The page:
Abstract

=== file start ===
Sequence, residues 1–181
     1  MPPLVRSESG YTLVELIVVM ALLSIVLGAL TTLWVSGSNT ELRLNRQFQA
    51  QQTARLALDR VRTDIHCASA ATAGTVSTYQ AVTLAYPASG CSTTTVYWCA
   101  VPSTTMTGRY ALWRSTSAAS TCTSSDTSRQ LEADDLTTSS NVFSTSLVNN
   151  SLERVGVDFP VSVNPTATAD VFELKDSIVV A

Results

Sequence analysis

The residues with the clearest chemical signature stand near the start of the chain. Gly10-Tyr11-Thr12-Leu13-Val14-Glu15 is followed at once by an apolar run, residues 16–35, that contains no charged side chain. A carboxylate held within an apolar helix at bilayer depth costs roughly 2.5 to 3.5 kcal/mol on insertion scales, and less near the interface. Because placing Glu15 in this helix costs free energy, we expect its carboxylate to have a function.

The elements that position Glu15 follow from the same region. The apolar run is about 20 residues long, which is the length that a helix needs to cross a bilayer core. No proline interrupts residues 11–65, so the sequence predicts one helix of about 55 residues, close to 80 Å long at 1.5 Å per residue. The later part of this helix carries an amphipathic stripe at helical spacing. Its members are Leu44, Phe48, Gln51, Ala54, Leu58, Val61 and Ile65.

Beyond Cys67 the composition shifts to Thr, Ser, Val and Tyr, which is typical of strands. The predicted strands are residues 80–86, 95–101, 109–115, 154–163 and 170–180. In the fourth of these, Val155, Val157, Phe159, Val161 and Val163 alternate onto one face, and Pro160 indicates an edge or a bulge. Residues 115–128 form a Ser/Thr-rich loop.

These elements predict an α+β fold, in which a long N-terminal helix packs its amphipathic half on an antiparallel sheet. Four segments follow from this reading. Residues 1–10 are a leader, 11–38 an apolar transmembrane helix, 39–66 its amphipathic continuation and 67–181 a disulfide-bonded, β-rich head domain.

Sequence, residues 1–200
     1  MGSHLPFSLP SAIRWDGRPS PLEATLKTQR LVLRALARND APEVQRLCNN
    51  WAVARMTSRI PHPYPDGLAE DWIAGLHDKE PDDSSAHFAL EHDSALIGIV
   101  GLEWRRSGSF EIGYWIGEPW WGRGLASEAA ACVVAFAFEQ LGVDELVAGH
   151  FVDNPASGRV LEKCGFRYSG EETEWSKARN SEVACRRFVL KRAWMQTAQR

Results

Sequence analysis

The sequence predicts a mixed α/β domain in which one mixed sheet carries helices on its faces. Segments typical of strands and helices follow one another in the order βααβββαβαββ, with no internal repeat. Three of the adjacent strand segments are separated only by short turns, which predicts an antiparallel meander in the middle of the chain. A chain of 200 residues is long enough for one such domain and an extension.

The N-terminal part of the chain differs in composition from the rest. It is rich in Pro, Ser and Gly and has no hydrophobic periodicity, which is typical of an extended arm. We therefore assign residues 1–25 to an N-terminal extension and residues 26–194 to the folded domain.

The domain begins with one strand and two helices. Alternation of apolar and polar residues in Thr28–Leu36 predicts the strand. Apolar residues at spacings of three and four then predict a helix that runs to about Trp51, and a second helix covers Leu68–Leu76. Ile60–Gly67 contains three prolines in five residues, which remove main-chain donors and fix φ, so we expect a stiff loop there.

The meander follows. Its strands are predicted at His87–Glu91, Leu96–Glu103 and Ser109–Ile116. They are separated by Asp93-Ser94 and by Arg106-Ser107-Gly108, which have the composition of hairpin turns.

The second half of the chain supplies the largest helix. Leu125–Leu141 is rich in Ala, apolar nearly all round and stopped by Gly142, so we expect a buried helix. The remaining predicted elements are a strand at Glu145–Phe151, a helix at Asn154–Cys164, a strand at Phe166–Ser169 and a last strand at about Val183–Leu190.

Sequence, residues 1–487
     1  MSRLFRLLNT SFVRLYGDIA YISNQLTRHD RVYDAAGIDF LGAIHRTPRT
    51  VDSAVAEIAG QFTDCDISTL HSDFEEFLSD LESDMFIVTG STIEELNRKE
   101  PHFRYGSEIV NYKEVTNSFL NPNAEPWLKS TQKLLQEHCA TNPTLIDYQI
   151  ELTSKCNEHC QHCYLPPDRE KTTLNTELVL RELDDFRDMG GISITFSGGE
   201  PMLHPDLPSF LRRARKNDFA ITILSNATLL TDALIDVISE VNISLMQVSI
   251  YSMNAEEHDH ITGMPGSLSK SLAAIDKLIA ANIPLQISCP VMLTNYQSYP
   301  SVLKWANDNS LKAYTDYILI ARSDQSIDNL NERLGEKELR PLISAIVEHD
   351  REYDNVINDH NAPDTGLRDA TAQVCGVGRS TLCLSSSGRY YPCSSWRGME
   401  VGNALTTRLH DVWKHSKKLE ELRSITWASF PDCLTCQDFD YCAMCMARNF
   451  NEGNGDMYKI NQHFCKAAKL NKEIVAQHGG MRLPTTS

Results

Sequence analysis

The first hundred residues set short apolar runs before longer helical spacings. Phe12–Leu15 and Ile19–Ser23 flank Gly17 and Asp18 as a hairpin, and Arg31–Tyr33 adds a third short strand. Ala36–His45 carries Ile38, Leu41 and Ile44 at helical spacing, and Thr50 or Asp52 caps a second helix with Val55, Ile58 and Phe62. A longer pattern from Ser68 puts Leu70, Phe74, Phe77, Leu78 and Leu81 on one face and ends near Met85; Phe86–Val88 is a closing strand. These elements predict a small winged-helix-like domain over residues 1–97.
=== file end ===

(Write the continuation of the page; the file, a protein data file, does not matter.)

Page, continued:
Using a half-century of death records from San Antonio/Bexar County, Texas, we examine the timing and cause structure of Spanish surname and Anglo infant mortality. Our findings show that despite the substantial disparities between ethnic-specific infant mortality rates in the early years of the study, there have been consistent declines in overall, neonatal, and postneonatal mortality for both groups, as well as a major convergence of mortality rates between Spanish surname and Anglo infants. Further, we demonstrate that the convergence is of relatively recent origin and is due primarily to shifts in postneonatal mortality. Finally, we examine the transition reflected in the cause structure of ethnic-specific infant mortality and show that the convergence was largely the result of reductions in deaths from exogenous causes. Implications for research into the “epidemiologic paradox” are discussed. * The authors gratefully acknowledge the support provided for this research by the National Institute of Child Health and Human Development (Grants HD 22490 and 24643). We also wish to thank Starling G. Pullum for invaluable computing assistance, and Benjamin Bradshaw and Arlen Carey for helpful comments on earlier drafts.

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